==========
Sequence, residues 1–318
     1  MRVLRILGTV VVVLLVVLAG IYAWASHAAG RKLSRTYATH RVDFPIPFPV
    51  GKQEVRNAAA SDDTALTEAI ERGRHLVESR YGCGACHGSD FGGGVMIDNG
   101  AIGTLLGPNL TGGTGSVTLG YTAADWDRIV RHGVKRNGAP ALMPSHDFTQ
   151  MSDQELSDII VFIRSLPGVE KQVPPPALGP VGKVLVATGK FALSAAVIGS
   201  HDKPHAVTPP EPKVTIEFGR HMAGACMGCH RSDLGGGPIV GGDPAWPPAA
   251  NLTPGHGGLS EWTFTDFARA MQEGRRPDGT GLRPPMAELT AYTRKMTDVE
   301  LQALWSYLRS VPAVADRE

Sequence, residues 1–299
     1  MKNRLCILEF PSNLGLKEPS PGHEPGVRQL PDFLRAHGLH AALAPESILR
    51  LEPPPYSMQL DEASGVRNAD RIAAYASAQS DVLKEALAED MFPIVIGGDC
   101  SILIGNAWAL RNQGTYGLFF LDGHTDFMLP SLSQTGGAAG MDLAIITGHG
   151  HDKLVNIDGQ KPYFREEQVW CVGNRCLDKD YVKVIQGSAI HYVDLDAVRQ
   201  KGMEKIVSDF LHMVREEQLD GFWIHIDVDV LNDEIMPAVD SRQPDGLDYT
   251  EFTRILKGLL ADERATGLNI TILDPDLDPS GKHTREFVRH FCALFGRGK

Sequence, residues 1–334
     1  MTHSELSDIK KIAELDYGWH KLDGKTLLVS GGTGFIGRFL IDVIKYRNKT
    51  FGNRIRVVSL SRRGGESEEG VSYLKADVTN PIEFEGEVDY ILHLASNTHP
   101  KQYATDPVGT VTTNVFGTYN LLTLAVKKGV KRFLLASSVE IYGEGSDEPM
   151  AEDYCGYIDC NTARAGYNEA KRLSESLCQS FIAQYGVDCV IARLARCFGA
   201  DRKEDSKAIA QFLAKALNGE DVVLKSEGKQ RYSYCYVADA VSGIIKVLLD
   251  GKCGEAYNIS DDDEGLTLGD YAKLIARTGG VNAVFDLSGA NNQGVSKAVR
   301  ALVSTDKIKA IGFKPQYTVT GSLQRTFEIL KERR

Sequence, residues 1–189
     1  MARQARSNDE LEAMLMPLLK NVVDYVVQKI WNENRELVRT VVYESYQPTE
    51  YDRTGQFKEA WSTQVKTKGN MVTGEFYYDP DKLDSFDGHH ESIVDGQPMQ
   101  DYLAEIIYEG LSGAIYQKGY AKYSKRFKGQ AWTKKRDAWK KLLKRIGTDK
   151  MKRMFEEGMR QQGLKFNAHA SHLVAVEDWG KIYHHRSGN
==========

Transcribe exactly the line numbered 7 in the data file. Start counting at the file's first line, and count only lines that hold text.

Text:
   251  NLTPGHGGLS EWTFTDFARA MQEGRRPDGT GLRPPMAELT AYTRKMTDVE